If you want to know why a country, region or city functions the way it does, you need to know its history. As a mature foreign student back at school in the American South – who was also likely to end up working there – I knew that I had to learn as much as I could about the region – fast. I usually pass for local until I open my mouth. So for the next two years, every paper I wrote touched on one aspect or another of Southern industrial and economic history.
The following are the books and articles I found most informative:
The Selling of the South: The Southern Crusade for Industrial Development, 1936 – 1990, by James C. Cobb. In his book, Cobb takes the reader on a decade-by-decade look at the how the Southern states developed from the Great Depression forward to present day. Specifically, the book focuses on the efforts of political and business leaders in the South to attract manufacturing companies from the North, and to a limited degree, from other countries. The use of tax breaks, subsidies, open-shop laws, and other economic and political incentives to entice companies to locate south of the Mason-Dixie line is examined, as well as the connections between local politicians and business.
High Tech, Low Tech, No Tech. Recent Industrial and Occupational Change in the South, by William W. Falk, and Thomas A. Lyson.
Alabama’s State and Local Governments, 3rd Edition, by David L. Martin. This printed guide, last updated in the mid-nineties, is the best one-stop orientation I’ve found to Alabama’s state and municipal structure. It’s a pity it isn’t being updated. I can’t find any online equivalent. It needs, needs to be available as a pdf or online site.
Blueprint Birmingham: a Growth Strategy for the Seven-County Region – Competitive Realities., a study prepared for the Birmingham Business Alliance by Market Street Services Inc.
The American South industrialized 50 – 60 years later than the the American North. But it pioneered industrial (organized) agriculture in North America. It was immensely profitable for the plantation owners – thanks to slavery.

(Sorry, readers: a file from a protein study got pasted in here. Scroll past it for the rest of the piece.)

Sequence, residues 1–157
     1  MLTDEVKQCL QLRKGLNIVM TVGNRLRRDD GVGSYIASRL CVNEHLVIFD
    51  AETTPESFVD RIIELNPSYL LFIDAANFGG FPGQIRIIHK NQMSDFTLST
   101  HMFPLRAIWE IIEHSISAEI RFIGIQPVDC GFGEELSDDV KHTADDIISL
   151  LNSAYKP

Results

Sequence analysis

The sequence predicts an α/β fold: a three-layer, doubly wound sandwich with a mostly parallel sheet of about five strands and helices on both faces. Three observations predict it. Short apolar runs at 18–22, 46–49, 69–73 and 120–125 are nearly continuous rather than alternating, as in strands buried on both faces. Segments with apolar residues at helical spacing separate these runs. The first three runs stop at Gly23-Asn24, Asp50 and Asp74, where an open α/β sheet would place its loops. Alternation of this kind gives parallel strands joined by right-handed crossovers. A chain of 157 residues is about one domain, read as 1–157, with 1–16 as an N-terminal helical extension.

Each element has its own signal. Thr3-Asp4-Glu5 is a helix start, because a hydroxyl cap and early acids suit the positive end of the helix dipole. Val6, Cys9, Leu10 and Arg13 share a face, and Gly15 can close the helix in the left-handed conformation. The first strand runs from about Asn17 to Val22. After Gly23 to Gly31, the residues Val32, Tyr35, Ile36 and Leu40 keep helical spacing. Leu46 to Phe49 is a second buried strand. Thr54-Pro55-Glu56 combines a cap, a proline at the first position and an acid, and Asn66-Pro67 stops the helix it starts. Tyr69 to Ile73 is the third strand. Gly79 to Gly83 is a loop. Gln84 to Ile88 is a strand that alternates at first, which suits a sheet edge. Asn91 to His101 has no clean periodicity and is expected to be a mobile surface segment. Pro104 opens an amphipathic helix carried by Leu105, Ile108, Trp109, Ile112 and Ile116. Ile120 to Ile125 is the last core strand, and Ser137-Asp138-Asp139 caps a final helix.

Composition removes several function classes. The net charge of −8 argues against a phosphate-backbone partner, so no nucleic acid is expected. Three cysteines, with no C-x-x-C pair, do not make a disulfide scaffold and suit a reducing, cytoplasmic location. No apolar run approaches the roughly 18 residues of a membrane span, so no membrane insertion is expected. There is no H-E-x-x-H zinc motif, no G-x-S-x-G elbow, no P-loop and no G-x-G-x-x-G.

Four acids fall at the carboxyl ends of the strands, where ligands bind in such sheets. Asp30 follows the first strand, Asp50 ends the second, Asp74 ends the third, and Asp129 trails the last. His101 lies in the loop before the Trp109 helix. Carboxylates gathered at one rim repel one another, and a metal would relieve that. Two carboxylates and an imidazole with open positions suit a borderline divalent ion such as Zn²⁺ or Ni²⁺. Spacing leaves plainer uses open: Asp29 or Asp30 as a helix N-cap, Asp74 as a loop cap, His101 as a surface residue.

The Half Has Never Been Told: Slavery and the Making of American Capitalism, by Edward E. Baptist. I recently finished listening to the audiobook version of this economic history of slavery – and am still a bit stunned. I was left with a lot to think about, a lot of history which has been carefully buried or not written about in most histories of the United States – or North America.
Key things I was left with:
- After the Louisiana Purchase, New Orleans was running close to New York in terms of banking and financial deals. Not only was it was becoming the banking center of the American South – it was also a banking center for the Caribbean, with a strong focus on Cuba. That role began to diminish after the bank failures of the late 1830s and a widespread failure within the Southern cotton industry to repay loans during the subsequent credit crisis. At that point, New York, with ties both to London and Amsterdam, and a stronger regional manufacturing economy, began to take the lead.
- The strong hand of the planter elite – especially in Louisiana – and their resistance to being forced to repay loans is what lead to the non-renewal of the governing legislation of the first US central bank.
- Mortgage-backed derivatives are not a new concept of the 1990s – they were used to raise cash based on the value of chattel slaves owned by the planters. Slave mortgage-backed derivatives (based on the anticipated value of the cotton a given field slave could harvest) were sold – and held both in the northern United States and by many investors in Great Britain and Europe. These were sophisticated investment instruments – and they came into existence in 1828.
- The world price for cotton peaked in 1830 and then, due to the increase in available cotton planted to meet the demand of the northern Lancashire spinning and weaving mills, slipped into a long gradual decline.
- One of the side effects of declaring Confederate independence was that many planters were able to refuse to repay operating loans from northern banking interests. This had a side effect of allowing plantation owners to not plant cotton for two years (done in an attempt to drive the world price back up and to better finance the war). British cotton mill owners were having none of that, and worked to make arrangements to open up new cotton plantations in India and in the Egyptian Delta. When the American Civil war ended, these additional plantations ensured that the American South would never again have a stranglehold on the world cotton supply. At this point, the American South entered the colonial resource supplier arrangement with northern industrial interests, an arrangement from which portions of the South have worked for sixty years to exit. Except that without some population unity and greater investment in education, it’s been difficult to do. The society elites have been quite happy to invest in their own children, but not those of the greater society around them. Especially not African Americans (or poor whites). Hence the delay in regional industrialization as compared to the northern part of the country.